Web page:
Los Angeles – Results
from the car stereo viral video promotion launched Nov. 20 are positive, with
views of the
on track to meet the planned goal of 59,000 views, said
Steve Witt, chairman of the
governing board, who confirmed the industry is starting work
on a second video.
As of Nov. 29 the “Car
Dance Mob” video received 11,000 views. The video is produced and publicized by
clients include Nike, MTV, Xbox and BMW. “They are the pre-eminent full service
viral marketing, seeding and social-media agency. They focus on generating authentic buzz
through on line placement,” said Witt.
“The 7th Chamber has said
this is tracking to their guarantee to us, which is 59,000 views. What’s really
interesting, is that we had 28 percent of the viewers click through to the
store locator [on an adjunct
], which is amazing. The 7th
Chamber feels that’s very high. The [12-Volt
Initiative] board is very pleased with that result … We have over 300 actual
click-throughs to an actual store. That’s
very high,” Witt added.
The board of the 12-Volt
Initiative, a consortium of industry members, met on Nov. 30 and approved work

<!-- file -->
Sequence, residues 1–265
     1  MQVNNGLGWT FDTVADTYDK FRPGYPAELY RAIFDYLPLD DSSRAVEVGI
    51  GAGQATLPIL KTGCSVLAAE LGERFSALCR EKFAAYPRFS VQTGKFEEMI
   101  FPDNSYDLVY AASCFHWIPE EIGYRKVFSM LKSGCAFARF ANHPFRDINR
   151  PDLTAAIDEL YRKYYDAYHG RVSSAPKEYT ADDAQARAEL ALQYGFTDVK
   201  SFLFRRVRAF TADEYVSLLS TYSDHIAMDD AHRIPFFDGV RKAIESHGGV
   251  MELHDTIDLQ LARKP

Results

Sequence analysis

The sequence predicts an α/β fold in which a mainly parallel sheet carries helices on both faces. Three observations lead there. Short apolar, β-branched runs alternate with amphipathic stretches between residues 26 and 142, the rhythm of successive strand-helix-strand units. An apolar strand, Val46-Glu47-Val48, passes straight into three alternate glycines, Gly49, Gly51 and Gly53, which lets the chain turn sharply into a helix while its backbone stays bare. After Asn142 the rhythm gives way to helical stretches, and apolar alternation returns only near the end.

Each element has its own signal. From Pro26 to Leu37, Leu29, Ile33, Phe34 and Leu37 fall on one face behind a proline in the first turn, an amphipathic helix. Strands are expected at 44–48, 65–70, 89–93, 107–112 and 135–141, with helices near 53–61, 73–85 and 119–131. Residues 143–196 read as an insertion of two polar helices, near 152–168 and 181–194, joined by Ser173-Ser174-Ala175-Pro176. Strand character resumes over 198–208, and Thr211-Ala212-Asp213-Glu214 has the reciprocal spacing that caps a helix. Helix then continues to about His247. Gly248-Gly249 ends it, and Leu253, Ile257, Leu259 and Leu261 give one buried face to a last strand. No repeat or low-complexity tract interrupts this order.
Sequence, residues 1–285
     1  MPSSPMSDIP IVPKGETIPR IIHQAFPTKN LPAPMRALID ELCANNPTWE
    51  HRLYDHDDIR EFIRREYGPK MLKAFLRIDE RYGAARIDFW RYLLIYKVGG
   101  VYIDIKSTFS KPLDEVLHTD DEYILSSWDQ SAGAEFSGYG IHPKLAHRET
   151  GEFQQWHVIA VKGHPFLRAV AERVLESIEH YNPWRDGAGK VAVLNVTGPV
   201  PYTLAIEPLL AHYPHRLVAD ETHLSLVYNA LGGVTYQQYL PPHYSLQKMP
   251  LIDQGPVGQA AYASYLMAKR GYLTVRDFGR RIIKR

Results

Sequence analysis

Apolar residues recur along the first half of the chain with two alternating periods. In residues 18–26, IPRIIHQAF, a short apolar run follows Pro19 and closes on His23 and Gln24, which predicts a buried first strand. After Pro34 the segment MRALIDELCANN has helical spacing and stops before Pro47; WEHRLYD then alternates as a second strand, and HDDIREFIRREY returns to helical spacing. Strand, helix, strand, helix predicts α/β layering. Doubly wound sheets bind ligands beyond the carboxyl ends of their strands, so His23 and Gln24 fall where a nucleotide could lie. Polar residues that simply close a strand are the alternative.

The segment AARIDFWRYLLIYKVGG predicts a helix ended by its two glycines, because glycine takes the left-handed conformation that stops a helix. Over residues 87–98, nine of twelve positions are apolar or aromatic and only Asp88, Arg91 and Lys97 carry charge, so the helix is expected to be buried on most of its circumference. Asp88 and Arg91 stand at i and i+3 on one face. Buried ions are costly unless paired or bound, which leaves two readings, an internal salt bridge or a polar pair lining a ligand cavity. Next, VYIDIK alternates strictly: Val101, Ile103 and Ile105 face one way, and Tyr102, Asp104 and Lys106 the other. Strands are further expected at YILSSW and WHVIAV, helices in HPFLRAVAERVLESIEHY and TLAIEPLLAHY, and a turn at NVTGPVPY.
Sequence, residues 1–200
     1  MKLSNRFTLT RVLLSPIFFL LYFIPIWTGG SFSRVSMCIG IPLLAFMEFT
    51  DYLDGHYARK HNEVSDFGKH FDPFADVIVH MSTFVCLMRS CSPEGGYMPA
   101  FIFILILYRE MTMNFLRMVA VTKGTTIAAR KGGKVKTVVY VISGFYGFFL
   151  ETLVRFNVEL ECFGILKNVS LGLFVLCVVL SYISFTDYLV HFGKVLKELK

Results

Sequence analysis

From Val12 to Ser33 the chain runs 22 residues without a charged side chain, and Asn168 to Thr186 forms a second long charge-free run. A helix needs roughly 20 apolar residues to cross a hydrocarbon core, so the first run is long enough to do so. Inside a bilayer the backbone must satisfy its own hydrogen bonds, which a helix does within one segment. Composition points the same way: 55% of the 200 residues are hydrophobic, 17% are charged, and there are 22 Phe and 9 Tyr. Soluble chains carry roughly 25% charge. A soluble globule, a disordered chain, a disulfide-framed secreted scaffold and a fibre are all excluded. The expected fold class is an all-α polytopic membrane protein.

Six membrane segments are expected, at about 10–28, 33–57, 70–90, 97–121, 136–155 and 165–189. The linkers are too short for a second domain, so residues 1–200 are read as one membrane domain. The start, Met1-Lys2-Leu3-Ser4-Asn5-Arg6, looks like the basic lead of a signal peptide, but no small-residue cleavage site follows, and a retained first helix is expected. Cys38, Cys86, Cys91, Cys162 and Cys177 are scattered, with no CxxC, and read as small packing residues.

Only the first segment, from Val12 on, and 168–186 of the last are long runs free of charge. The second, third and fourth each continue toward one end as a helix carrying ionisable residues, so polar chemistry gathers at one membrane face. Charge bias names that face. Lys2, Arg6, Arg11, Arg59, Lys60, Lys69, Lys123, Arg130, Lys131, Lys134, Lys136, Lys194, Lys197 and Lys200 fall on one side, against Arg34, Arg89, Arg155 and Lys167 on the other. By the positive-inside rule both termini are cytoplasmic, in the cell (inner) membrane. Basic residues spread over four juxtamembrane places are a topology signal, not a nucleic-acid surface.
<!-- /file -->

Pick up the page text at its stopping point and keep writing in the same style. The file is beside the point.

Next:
on a second viral video to be released in the January/February time frame.
To date, the 12-Volt
Initiative has spent approximately $100,000 for the video, Web site and promotion.
While the video, enacting
a quasi-impromptu scene of dancing to music in cars, was panned by a few industry
members on industry Web sites and YouTube, Witt dismissed the critics as people
who were expecting a typical advertisement. “They frankly didn’t understand the
strategy. They don’t understand the new media; they don’t understand social-connection
One retailer told TWICE
he was withdrawing his campaign support, while Witt said new retailers have since
joined the campaign.
In January, the board
will review the results of the video after it has “aired” for 30 days. But
simply getting “click-throughs” to the stores is not enough. “If we don’t trigger action, which is real
purchase consideration that pushes people to shop, then this effort is not
ultimately successful,” Witt claimed.
Retailers may join the
campaign by paying $99.
“This is the next wave in
marketing that leverages an emotional connection because customers don’t buy
products any more, they buy experiences.
If anyone questions that, they should just stop and think about the iPod
and the iPhone,” Witt concluded.